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New Escapist Column! On Matt Smith’s Complicated Men…

I published a new In the Frame piece at The Escapist this evening. With the release of House of the Dragon last weekend, it seemed like a good opportunity to take a look at Matt Smith’s career. In particular, how the actor has cornered the market on a particularly modern take on masculinity.

As Daemon Targaryen, Smith was the breakout star of House of the Dragon. However, Daemon trypifies the kind of roles that Smith has been drawn towards in the years following his departure from Doctor Who. In projects as diverse as The Crown, Last Night in Soho and Charlie Says, Smith exemplifies a fascinatingly contradictory portrait of masculinity, one that is by turns alluring and pathetic, powerful and fragile, arrogant and insecure. Smith’s ability to play these conflicting facets off one another is what makes him such a compelling performer.

You can read the piece here, or click the picture below.

Non-Review Review: Last Night in Soho

Last Night in Soho is a fascinating snapshot of the siren lure of nostalgia, and how it is so often filtered through a presumptive male gaze.

Last Night in Soho follows a young student named Eloise who moves to London for the first time to follow her dream of becoming a fashion designer. After some tensions with her roommate, Eloise moves out of her apartment into a small bedsit, with warnings that past tenants have had some strange experiences in the flat – disappearing in the dead of night, as if fleeing from something that shares the space. Eloise has always been sensitive to otherworldly presences, and it is no surprise when she seems to connect with the memories imprinted in her new bedroom.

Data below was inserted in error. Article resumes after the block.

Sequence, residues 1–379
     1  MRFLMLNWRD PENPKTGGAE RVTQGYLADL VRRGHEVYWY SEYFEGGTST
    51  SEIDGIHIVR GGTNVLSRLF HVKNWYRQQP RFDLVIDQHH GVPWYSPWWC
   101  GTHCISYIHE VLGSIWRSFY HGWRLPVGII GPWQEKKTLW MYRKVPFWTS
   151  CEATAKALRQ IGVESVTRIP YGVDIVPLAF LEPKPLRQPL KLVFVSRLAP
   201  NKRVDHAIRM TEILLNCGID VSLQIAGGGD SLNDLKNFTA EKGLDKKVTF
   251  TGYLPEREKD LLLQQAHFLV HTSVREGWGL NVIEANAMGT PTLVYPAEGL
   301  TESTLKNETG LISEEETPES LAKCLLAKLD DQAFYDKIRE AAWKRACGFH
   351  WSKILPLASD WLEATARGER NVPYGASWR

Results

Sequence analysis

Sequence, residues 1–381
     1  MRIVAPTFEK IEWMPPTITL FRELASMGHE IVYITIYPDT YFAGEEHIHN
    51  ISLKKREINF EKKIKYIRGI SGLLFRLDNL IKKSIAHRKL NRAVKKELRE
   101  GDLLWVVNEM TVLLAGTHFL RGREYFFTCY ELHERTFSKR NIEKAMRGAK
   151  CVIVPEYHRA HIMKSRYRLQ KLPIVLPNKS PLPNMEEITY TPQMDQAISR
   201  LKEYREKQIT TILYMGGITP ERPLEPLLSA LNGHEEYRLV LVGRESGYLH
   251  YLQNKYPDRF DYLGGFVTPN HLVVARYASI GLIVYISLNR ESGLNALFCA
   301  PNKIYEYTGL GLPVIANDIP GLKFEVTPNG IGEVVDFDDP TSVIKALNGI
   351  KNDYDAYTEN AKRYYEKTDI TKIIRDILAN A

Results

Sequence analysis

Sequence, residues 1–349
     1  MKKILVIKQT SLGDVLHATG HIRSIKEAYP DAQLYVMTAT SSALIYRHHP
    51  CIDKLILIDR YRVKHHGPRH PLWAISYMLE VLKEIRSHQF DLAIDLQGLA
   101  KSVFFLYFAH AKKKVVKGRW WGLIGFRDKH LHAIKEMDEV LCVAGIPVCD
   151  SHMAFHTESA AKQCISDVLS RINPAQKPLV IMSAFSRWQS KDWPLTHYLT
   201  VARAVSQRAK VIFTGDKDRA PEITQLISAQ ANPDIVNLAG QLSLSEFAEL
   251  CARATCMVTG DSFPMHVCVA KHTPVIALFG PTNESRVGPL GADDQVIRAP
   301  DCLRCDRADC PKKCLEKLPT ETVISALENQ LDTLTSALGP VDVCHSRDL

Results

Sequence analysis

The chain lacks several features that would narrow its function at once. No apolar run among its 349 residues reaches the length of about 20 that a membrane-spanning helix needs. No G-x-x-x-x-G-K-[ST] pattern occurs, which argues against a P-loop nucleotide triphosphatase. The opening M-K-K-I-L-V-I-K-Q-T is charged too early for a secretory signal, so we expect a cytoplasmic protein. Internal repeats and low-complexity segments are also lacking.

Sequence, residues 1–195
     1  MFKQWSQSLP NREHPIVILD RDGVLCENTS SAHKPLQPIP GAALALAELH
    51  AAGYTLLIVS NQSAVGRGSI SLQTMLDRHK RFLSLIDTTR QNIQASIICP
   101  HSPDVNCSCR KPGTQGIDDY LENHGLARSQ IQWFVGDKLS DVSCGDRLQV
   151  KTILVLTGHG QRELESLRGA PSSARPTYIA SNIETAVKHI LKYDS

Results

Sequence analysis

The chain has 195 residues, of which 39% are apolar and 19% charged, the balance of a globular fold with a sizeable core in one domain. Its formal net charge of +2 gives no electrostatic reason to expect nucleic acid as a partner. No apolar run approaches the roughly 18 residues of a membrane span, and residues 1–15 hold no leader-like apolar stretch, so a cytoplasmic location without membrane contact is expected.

Who nose?

Night after night, Eloise is seduced by memories of a young woman named Sandy, who came to London to pursue her own ambitions of becoming a singer. Sandy met a handsome talent agent named Jack, who promises that he can make all of her dreams come true. As Eloise sinks deeper into this nostalgic fantasies of the swinging sixties, she notices that the lines are begin blur – between her waking moments and her sleeping thoughts, between herself and the girl who visits her at night, between dreams and nightmares.

At its core, Last Night in Soho is a meditation on the idea that it is not always so easy to escape the past.

Bad romance.

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